Finally, I go to the weekly gathering of my church family as a Christian.  That is, my aim must be God’s aim, and his priority for my church is for it to grow in unity and love as a people called and brought together by the Spirit of God in Christ.  That aim must orient my behaviors.  So, when I’m at church, I try to have one or two good conversations, asking someone some good questions about how they’re doing.  I try to have some good laughs.

Criticizing the sermon simply is not on the agenda.

Exegetes, new and experienced, how do you approach the Sunday gathering?

Pastors, what are your experiences with professors in the pew?

11 thoughts on “Exegetes at Church

  1. gjohnston2244

    My experience and perspective is a bit different from that of a “professor in the pew.” I come at it from the perspective of one who has been involved in the Christian education program at a local church. The use of my teaching gift does not take place in a college classroom. It takes place in the regular assembly of believers.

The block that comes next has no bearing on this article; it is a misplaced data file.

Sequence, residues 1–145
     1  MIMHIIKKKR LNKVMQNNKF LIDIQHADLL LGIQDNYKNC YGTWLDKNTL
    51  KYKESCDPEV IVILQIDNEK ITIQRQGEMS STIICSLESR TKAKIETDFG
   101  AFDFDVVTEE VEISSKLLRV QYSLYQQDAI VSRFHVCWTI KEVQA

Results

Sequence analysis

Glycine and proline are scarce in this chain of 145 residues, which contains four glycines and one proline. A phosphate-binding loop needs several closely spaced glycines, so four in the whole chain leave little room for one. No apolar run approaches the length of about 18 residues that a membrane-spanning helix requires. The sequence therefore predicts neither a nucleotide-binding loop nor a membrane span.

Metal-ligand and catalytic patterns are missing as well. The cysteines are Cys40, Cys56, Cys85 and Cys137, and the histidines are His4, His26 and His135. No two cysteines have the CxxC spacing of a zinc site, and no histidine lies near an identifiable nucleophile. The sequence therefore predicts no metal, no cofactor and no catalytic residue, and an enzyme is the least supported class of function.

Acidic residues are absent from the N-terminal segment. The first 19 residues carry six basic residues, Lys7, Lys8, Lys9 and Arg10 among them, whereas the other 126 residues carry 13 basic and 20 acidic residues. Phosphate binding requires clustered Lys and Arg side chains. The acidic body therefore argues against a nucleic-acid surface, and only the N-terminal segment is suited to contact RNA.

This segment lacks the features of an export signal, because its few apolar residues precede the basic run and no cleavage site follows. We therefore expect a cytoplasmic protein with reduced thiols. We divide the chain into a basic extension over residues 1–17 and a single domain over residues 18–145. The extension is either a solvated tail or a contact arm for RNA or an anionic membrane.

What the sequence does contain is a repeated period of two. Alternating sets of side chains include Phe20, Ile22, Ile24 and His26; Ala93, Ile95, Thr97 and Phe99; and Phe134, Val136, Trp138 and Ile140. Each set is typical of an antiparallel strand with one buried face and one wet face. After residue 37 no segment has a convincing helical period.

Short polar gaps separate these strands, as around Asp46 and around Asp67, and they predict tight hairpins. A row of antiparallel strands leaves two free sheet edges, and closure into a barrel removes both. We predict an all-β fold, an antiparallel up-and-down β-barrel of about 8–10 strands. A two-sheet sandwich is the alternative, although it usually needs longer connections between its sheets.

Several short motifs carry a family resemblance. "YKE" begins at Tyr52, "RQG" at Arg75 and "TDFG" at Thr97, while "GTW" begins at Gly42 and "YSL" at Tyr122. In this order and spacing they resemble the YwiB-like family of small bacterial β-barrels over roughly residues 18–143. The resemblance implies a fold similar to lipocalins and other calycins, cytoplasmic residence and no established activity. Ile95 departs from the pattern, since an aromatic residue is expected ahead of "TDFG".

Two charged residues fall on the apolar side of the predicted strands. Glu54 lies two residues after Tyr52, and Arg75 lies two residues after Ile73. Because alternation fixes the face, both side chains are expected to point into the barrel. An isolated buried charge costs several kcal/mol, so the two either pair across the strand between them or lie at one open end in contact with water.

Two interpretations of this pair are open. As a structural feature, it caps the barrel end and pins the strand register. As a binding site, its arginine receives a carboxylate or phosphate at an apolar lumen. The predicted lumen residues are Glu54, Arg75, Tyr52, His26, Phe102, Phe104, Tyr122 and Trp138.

I agree that critique of sermons is not constructive, and I don’t do it as a rule. However, we not only have a pastor that delivers homilies, we have a “preaching team” that is learning to preach in assembly and frequently takes turns preaching on Sunday morning.

    So as a former elder, a life-long Sunday School teacher, and one who is dialogue with elders on the subject of the Bible and its role in the life of the church, your formula for a light-hearted visit in the Christian assembly doesn’t really apply to me.

    Having said, that, I personally am at a loss for how to be influential or whether I should give up trying to be It grieves me that the evangelical church seems to be failing in its larger mission and that the growth “in unity and love” isn’t really happening in many Christian assemblies in any way that is effective at reflecting the distinctive wisdom and love of God for his creation. It seems to me that we have lost the essential biblical story and replaced it with our American evangelical counterfeit. If that judgment is wrong, then I need to shut up and reassess. If it is even close to correct, I am still at a loss.

  2. gjohnston2244